Update on the latest in business:

FINANCIAL MARKETS

Asian stocks rise on hopes for US trade progress

BEIJING (AP) — Asian stocks rose Friday on signs of possible progress in negotiations over Beijing’s tariff war with Washington.

China announced its economy czar, Vice Premier Liu He, will go to Washington for talks Jan. 30-31 aimed at ending the tariff war sparked by U.S. complaints about Beijing’s technology ambitions.

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On Wall Street, stocks climbed on trade optimism following the report Mnuchin might support a cut in U.S. penalty duties on Chinese imports. Technology, industrial and health care companies gained and makers of chemicals and other basic materials jumped. The Standard & Poor’s 500 index rose 0.8 percent to 2,635.96. The Dow Jones Industrial Average added 0.7 percent at 24,370.10. The Nasdaq composite gained 0.7 percent to 7,084.46.

Inflation in December came in weaker than expected, temporarily putting the central bank farther from its target of 2 percent. Prices rose 0.3 percent, down from November’s 0.8 percent, as tumbling food costs offset a rise in energy prices.

Benchmark U.S. crude oil rose above $52.50 per barrel.

The dollar advanced against the yen and declined against the euro.

MALAYSIA-FINANCIAL SCANDAL

Malaysia says Goldman Sachs must pay, apology not enough

PUTRAYAJAYA, Malaysia (AP) — Malaysia’s Finance Minister Lim Guan Eng said Friday that an apology by Goldman Sachs for its role in the alleged multibillion-dollar ransacking of state investment fund 1MDB was insufficient and that it must pay $7.5 billion as compensation.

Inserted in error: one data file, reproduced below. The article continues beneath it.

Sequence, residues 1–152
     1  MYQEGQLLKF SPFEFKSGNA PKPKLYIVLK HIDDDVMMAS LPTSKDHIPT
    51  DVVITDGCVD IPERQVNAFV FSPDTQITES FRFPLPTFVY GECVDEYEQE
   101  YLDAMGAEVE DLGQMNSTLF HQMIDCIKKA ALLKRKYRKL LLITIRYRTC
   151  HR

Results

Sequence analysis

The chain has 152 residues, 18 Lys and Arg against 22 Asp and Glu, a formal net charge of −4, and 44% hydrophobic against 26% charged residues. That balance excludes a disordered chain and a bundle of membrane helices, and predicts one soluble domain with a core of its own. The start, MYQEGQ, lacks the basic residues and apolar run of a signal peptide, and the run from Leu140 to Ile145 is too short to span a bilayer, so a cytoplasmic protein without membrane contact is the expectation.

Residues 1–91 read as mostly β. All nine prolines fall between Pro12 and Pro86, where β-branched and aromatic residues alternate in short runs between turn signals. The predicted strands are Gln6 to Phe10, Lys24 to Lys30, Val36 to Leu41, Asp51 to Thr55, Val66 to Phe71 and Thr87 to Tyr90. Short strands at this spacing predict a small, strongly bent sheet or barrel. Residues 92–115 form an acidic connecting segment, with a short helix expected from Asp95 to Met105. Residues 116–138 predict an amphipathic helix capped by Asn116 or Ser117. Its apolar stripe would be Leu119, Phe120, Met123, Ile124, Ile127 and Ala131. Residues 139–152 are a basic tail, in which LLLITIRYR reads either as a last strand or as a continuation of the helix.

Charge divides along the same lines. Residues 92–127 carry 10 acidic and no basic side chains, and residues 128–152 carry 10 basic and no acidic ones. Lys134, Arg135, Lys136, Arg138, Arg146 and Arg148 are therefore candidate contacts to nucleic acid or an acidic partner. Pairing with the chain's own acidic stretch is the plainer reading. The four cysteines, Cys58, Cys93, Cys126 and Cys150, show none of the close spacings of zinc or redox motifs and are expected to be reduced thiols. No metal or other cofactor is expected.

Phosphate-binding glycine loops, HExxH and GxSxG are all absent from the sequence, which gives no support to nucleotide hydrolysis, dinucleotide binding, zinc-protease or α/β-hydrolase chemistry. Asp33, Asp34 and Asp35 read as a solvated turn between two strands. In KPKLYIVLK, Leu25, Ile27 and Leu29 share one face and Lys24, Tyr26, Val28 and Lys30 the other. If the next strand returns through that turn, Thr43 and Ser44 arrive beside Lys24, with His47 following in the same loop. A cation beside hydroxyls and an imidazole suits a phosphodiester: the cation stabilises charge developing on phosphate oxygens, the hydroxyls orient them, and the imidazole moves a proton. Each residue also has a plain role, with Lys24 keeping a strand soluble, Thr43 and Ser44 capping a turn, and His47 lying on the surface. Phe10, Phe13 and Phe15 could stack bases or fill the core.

Goldman CEO David Solomon apologized Wednesday to the Malaysian people for its former banker Tim Leissner’s role in arranging bond sales for 1MDB. Those sales provided a means for associates of former Malaysian Prime Minister Najib Razak to allegedly steal billions over several years from the fund.

Solomon has said the investment bank conducted due diligence but was misled by Leissner and former Malaysian government officials.

CHINA-GERMANY

China, German promise closer financial cooperation

BEIJING (AP) — China and Germany promised Friday to open their markets wider to each other’s banks and insurers, giving Beijing a burst of positive trade news amid conflicts with Washington and Europe.

The two sides affirmed support for a global trading system that other governments worry is threatened by President Donald Trump’s “America first” policies. That followed a regular annual meeting between German’s finance minister and China’s economy czar.

The initiatives reflect Beijing’s determination to press ahead with changes aimed at making its state-dominated economy more productive and to reduce reliance on the U.S. market by building commercial ties with other countries.